Apr. 16 – Dare County Finance Director David Clawson continued his presentation on Dare County’s budget at the Commissioners meeting, looking this time at the capital improvement plan.
Clawson informed the Board that fiscal year 2007 land transfer tax collections are now projected to be 36.5% lower than that of the 2006 fiscal year which already had a decrease of 29.14% in land transfer taxes. That level of collections in combination with the currently approved 2007 CIP, would result in negative fund balances of ($1,337,660) in FY 2009, ($1,582,608) in FY 2010 and ($1,703,533) in FY 2011.
The following capital budget adjustments were approved by the Board to offset the decrease in land transfer tax collections:
Reduce the current year transfer to the School Capital Reserve fund from $1,250,000 to $500,000.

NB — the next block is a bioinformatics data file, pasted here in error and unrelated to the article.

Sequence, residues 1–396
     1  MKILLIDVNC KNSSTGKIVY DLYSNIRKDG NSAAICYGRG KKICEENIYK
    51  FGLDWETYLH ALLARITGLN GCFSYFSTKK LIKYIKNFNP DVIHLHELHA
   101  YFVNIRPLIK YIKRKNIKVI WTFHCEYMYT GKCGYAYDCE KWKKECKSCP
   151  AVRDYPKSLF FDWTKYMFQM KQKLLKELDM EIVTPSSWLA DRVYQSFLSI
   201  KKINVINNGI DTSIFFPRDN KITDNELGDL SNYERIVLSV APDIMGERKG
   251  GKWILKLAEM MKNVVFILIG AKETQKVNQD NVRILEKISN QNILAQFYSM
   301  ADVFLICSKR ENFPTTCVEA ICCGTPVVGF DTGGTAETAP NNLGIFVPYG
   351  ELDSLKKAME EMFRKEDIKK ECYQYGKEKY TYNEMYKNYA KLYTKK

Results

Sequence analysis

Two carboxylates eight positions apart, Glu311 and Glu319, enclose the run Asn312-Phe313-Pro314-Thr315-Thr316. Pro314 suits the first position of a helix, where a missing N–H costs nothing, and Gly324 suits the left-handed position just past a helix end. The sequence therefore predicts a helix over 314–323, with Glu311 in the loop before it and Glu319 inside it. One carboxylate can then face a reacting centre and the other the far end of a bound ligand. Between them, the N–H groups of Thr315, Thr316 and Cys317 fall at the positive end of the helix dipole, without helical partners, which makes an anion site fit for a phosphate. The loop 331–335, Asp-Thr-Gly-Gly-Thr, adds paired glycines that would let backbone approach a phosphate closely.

Reduce the existing appropriations for fiscal years 2005 and 2006 for EMS Station No. 1 from $560,000 to $250,000.
Eliminate the fiscal 2007 appropriation of $100,000 for the General Land Bank and the future amount in the CIP.
Eliminate the remaining, uncommitted balances of the Parks and Recreation Land Bank.
Eliminate the remaining appropriation for planning studies of $47,160.
Eliminate the remaining unused appropriations for completed capital projects for a total of $111,144.
Land transfer taxes are being debated in Raleigh since statewide and local transfer tax bills have been introduced. The NC Realtors Association has been working on the campaign, “Stop the Home Tax” and have been raising awareness about other infrastructure financing solutions besides land transfer tax. The web site http://www.itsabadidea.com/ has more information about the campaign. One major concern with land transfer taxes is that they are an inconsistent, unstable revenue source as is evident above with Dare’s budget adjustments. We will be hearing more on the decrease in land transfer taxes as the towns work on their 07-08 budgets.